Local and regional cooperation to protect the rights of the child in the European Union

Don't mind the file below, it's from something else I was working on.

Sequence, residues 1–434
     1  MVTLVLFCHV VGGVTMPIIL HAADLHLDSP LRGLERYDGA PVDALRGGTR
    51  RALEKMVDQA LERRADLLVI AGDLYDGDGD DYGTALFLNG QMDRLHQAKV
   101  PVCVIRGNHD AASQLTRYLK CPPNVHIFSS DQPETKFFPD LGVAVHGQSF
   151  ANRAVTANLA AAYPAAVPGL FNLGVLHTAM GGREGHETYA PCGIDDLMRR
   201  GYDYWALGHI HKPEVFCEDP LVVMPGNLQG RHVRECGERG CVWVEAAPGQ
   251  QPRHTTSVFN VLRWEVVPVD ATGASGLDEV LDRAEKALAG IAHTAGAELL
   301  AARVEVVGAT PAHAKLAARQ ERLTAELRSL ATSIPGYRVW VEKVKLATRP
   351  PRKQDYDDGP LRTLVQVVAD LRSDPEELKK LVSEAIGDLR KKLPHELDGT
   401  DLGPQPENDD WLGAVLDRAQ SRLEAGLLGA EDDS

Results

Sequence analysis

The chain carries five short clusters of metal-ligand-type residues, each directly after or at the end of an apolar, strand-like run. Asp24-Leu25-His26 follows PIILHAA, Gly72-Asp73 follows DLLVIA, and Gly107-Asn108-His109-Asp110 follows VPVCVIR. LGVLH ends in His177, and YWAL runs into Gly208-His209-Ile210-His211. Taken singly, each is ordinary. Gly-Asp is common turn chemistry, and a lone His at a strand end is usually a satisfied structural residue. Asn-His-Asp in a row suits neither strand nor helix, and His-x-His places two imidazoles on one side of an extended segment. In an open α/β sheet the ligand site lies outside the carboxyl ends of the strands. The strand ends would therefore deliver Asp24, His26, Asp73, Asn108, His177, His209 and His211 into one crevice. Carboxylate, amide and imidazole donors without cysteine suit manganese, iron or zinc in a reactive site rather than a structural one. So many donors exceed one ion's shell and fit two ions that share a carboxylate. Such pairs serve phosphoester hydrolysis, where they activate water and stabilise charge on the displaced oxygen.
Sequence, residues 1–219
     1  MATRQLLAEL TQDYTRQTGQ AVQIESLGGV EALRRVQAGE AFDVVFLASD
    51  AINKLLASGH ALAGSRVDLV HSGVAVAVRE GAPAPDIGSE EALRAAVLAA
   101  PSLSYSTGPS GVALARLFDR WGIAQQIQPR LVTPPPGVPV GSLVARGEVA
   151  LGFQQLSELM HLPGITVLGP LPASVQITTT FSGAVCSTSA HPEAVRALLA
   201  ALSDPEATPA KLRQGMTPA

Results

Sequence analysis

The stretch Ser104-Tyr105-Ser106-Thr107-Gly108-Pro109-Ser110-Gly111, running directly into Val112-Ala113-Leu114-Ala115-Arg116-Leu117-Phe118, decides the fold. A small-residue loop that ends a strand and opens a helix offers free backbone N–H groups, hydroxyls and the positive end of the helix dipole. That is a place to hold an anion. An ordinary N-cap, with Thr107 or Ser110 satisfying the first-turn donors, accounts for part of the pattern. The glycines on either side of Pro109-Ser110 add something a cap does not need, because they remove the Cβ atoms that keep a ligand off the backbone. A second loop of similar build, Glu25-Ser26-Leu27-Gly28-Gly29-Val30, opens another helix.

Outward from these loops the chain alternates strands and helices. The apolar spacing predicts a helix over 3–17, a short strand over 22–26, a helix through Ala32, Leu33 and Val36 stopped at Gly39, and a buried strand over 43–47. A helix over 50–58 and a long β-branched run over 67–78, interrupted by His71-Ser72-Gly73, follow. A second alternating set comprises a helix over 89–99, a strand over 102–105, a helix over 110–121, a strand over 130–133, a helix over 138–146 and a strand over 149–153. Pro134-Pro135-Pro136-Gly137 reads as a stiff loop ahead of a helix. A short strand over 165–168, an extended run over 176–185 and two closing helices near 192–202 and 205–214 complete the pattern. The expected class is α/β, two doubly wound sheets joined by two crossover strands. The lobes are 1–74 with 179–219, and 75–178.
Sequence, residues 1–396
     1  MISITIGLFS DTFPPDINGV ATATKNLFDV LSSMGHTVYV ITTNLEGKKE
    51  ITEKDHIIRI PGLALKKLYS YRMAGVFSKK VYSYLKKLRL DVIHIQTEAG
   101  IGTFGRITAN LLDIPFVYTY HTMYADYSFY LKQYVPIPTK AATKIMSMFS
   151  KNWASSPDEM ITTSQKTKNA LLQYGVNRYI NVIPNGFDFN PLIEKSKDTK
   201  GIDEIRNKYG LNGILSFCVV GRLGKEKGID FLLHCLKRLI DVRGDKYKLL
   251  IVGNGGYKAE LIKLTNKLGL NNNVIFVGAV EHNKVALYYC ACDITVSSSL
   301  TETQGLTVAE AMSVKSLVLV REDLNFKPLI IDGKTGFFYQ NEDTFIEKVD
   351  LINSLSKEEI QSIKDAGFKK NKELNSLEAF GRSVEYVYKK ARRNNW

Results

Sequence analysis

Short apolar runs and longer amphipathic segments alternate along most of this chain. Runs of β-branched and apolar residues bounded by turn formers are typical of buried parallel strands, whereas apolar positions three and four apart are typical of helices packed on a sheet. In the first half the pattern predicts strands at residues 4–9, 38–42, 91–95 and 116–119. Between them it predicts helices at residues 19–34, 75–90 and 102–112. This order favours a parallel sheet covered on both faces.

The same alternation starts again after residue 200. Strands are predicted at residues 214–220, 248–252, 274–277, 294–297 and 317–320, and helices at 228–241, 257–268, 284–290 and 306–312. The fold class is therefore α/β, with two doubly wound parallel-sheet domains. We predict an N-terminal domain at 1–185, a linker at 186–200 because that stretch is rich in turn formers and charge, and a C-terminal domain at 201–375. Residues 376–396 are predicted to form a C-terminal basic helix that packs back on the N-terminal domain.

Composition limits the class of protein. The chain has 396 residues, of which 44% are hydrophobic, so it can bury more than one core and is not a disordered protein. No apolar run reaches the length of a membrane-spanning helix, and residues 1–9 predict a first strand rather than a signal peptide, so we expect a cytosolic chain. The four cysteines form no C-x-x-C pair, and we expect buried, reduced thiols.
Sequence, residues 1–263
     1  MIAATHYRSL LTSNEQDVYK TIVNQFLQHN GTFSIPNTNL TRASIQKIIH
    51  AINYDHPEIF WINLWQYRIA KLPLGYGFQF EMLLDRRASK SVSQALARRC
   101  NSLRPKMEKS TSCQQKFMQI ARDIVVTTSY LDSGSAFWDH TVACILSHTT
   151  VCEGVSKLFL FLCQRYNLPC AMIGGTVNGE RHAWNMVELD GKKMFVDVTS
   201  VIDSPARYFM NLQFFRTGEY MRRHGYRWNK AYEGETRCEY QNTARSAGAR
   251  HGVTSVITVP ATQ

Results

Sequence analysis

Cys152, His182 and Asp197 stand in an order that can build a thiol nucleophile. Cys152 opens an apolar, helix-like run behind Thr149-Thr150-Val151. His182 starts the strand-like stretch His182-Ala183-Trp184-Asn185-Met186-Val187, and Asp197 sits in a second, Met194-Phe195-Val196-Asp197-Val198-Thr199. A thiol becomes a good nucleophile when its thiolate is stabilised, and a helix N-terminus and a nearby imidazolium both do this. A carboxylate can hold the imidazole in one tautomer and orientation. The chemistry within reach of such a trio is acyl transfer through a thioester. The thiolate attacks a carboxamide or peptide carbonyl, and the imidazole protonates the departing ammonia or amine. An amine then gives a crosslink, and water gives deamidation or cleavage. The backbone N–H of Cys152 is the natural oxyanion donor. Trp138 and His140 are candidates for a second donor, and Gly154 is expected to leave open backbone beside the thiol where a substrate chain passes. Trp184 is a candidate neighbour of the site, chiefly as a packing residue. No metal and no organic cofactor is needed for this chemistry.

The potential of local and regional authorities (LRAs) to contribute significantly to the protection of children's rights has been recognised since 1959 and the United Nations Declaration of the Rights of the Child. This has since been reinforced by Article 24 of the Charter of Fundamental Rights which expressly provides for the rights of the child. In Opinion 236/20061 the Committee of the Regions commented on the EU Strategy on the Rights of the Child2, welcoming "the proposed development of a strategy to effectively promote and safeguard the rights of the child", but regretting "that there... is no acknowledgment in the communication of the unique role of local and regional authorities in providing services to children and safeguarding their rights", noting "that systems are currently not in place that can produce comprehensive, comparable and consistent data on indicators across the Member States', recommending "that priority be given to the development of a set of comparable indicators and the collection of consistent data at Member State and, where possible, regional level" and insisting "that the crucial role of local and regional authorities as the frontline providers of essential services to children, such as education and housing, childcare and other social services, is fully recognised." Our principal recommendation is that the definitions and data sources should be matched to the specific competencies of each of the local and regional authorities, without which conclusions as to the effectiveness of implementation can only be in generalities. The indicators are "an initial toolkit" but not a toolkit designed to be used by LRAs. Thus, it is necessary to unpick the indicators to identify within each area those groups that should be of major concern for LRAs, which this paper does. As the indicators were only published in March 2009, it is too early to report on how effectively LRAs are using them in protecting the rights of the child. However, it is clear that Rights of the Child Indicators offer local and regional authorities valuable tools for assessment of the state of implementation of children's rights in Core Areas and the identification of Indicator Groups. These, as our report indicates, require greater or lesser degrees according to the relevant competency. Some Indicator Groups should be of more concern to LRAs than others because they are within their competence, either by virtue of legal allocation of responsibilities or by virtue of fiscal responsibilities and resources. The most effective method of improving the Rights of the Child Indicators to take better into account local and regional perspectives would be to produce another version of the Indicators tailored to the competences and special interests of LRAs. This paper is a first step in that direction. Best practice examples are given from eight locations. The entry into force of the Treaty of Lisbon and the designation of 2010 as the European Union Year for Combating Poverty and Social Exclusion offer great opportunities for the Committee of the Regions and LRAs to use the indicators.